In 1958, filming begins but with many problems. Reynolds and his associate Reverend Lemons (G.D. Spradlin) have issues with the script's content about graverobbing, finding the concept blasphemous, and the title Grave Robbers from Outer Space which Reynolds requests it being changed to Plan 9 From Outer Space. They question Ed for having Tor delivering several lines of dialogue, who is nearly unintelligible due to his thick Swedish accent. Bunny, who is playing the alien leader, is insisting on antenna or glitter for his costume. Reynolds questions Ed's directing skills after Paul and Connie, (playing policemen) fall (knocked down by the passage of the 'flying saucer') and knock over one of the cardboard tombstones in the graveyard set, as well as using daylight stock shots setting up for night scenes. The final straw is when Gregory Walcott, their choir conductor at their baptist church, suddenly arrives on set and the baptists reveal to Ed that they've casted him as the lead hero. Ed outbursts that since he's the director, he does the casting. He storms off in the dressing room. To relax, Ed puts on his women's clothing only to be chastised even more by Reynolds and Lemons.

Having enough, Ed storms out of the studio and goes to a nearby bar (still in drag). In the bar Ed meets his idol, Orson Welles (Vincent D'Onofrio). The two begin talking and Orson reminisces about his problems with the film business, with losing financial backings for their film projects and their producers always interfering with their work, whether it be recutting their orignal cuts or casting actors that they have personal connections with, not caring if they're right for the roles. Ed asks if the film business is worth it in spite of the trouble. Reminding Ed that Kane was the one film where he had complete control, he tells Ed that ultimately the business is worthwhile, and inspires Ed by telling him that it's worth fighting for his artistic visions.

Revived, Ed returns to the studio and tells Reynolds that Ed is going to finish the movie as he wants it to be, as it is not right for Reynolds to interfere with his artistic vision. Lemons objects; they're the ones funding the movie, so it should be their way. Ed immediately rebuttles that they'll make their profits back, but only if they stay out of Ed's way and let him finish the film his way.

Ed continues filming the movie against his producers, but decides to agree with the title change after personally deciding it sounded better. Scene after scene are filmed with Ed growing more and more proud of the whole production.

On opening night in 1959, he and Kathy drive to the theater in Ed's (repaired) convertible. As they arrive, it begins to rain and thunder, much like the storm in the opening scenes. The top gets stuck open, and finally Ed leaves it so that they can make the premire. He introduces it simply "For Bela". As the film runs, Ed is again in the wings silently repeating the dialogue. He says to himself: "This is it. This is the one I'll be remembered for".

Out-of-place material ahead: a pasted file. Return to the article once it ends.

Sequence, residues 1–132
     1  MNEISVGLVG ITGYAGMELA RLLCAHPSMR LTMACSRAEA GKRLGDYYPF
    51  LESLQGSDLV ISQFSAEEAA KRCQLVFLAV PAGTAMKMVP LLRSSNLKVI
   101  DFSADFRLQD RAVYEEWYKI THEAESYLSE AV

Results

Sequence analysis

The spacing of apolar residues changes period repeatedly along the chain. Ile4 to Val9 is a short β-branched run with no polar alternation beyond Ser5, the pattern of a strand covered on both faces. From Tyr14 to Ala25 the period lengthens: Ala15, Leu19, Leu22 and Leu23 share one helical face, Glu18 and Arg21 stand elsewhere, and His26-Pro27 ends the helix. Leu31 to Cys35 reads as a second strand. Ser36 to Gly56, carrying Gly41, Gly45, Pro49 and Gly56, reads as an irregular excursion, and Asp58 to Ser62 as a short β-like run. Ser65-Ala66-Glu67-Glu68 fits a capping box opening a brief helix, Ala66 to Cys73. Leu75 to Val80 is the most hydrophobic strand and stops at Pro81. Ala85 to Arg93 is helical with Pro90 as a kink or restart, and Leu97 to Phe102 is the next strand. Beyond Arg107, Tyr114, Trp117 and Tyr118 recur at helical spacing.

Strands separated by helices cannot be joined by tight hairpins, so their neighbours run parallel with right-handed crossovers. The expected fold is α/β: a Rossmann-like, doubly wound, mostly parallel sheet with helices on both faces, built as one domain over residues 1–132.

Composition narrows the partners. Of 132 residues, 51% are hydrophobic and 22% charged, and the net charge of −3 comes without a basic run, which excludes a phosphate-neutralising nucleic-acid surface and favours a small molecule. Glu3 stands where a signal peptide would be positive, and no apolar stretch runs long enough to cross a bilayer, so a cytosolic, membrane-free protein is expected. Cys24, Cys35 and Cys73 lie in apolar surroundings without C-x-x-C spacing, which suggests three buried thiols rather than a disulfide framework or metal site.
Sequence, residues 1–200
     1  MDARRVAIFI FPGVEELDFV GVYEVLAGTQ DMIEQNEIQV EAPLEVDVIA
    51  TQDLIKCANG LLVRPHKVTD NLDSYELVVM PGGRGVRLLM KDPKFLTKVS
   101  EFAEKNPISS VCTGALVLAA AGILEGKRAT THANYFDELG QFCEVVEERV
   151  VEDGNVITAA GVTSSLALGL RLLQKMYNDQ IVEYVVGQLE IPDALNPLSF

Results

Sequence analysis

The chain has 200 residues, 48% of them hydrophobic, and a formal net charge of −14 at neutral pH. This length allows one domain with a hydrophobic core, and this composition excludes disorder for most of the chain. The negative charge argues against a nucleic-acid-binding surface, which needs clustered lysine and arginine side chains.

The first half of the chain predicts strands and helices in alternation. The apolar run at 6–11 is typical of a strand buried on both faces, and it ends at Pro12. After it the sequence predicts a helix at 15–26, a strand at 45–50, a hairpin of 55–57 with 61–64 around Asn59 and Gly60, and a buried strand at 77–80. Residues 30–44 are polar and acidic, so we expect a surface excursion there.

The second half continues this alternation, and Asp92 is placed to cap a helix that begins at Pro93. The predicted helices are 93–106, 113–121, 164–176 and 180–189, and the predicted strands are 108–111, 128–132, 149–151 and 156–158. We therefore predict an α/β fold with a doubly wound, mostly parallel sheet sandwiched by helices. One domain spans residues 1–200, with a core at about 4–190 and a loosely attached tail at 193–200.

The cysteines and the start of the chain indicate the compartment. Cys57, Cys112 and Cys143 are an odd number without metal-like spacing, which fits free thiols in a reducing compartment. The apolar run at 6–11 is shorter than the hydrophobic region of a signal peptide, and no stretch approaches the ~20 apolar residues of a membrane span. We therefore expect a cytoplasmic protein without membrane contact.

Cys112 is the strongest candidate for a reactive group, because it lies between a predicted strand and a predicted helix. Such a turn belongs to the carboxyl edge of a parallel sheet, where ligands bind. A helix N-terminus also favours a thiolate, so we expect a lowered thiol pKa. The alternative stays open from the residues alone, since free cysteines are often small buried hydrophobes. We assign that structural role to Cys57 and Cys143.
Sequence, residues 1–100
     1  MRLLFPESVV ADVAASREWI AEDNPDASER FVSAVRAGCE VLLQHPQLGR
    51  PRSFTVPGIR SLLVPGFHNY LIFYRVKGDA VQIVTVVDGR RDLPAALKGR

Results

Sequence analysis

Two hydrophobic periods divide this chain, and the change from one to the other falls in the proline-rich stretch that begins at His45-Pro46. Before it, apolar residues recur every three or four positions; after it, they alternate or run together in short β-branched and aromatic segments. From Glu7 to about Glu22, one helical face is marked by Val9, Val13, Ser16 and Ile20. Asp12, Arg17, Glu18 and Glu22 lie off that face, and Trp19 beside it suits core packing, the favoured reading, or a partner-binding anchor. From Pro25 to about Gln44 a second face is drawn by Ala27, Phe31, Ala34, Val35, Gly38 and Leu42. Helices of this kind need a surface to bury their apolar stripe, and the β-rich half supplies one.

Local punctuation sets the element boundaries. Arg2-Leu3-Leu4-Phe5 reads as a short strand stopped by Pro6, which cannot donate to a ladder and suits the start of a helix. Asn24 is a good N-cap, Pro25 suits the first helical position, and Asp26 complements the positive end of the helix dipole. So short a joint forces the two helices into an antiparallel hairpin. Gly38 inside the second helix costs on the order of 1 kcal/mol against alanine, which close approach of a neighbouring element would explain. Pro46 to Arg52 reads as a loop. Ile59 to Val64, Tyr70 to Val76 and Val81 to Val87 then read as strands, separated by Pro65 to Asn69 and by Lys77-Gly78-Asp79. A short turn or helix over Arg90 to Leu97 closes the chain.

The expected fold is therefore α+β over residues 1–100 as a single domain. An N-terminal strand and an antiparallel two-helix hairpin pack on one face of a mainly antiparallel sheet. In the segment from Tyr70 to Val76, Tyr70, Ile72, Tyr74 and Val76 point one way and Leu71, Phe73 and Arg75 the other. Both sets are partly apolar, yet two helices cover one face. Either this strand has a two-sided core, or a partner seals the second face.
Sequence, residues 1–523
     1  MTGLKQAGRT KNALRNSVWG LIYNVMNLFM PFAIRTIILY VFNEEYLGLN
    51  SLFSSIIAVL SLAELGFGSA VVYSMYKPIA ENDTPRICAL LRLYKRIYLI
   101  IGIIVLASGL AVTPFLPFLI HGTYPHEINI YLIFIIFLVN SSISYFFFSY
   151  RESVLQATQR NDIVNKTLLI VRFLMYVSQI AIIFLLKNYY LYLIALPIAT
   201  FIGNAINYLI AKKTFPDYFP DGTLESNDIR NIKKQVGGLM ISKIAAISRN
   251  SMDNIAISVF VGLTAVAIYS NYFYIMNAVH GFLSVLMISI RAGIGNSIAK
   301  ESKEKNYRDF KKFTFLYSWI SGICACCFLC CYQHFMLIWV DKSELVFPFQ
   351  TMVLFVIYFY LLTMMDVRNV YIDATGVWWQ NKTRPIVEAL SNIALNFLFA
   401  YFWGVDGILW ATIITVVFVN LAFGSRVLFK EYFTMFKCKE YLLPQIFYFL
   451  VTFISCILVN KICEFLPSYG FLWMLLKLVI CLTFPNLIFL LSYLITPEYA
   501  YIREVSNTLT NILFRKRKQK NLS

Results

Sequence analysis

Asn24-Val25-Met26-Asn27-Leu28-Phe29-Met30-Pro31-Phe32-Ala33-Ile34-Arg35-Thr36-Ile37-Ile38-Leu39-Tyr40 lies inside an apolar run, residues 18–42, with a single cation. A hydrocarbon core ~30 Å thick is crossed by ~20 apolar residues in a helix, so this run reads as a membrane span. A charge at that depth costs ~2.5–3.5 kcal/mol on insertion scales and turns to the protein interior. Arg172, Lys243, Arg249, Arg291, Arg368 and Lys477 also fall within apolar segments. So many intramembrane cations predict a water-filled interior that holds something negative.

As "Plan 9" closes he proposes to Kathy, and the two drive off in his soaked car to marry in Las Vegas. The camera moves back from the area to focus on the Hollywood sign again.

The movie ends with short biographical comments about the major characters and their lives after Plan 9 from Outer Space...

Edward D. Wood Jr. kept on struggling in Hollywood, but mainstream success eluded him. He descended into obscurity, as well as alcoholism while continuing to direct grade-B monster and soft core sex films. He died from a heart attack in 1978 at age 54. Two years after his death, he was voted "Worst Director of All Time" bringing him worldwide attention and a new generation of fans.

Kathy O'Hara Wood remained married to Ed for nearly 20 years and was loyal to him through all ups and downs. After his death, she never remarried.

The late Bela Lugosi never rose from the grave but after appearing in 103 films during his 40 year career, he is more famous then ever. Today (the mid 1990s) his movie memorabilia outsells Boris Karloff's by a substantial margin.

Bunny Breckinridge never had his sex change. He is currently living somewhere in New Jersey.

Dolores Fuller quit acting and went on to have a successful songwriting career. Her compositions include writing the music and lyrics for numerous Elvis Presley songs including "Rock-A-Hula Baby" and "Do the Clam".

Tor Johnson continued to appear in numerious "B" movies before achieving his greatest fame as a best-selling Halloween mask. He died in 1971.

Vampira retired from show business shortly after Plan 9's release to sell handcrafted jewelry. In the 1980s, she unsuccessfully sued horror hostess Elvira for stealing her act and appearance.

Paul Marco and Conrad Brooks are still personalities in the Hollywood scene and continue to act in numerous low-budget 'B' movies. Paul is currently the founder and president of the Paul Marco fan club. Conrad was recently named the "John Gielgud of Bad Movies" by the New York Times.

Dr. Tom Mason, the late chiropractor who doubled for the late Bela on Plan 9, appeared in one more Ed Wood film Night of the Ghouls. This time, Ed let him show his face.

Criswell continued making highly inaccurate and bizarre psychic predictions and was often a guest on The Tonight Show featuring Johnny Carson. He died in 1982.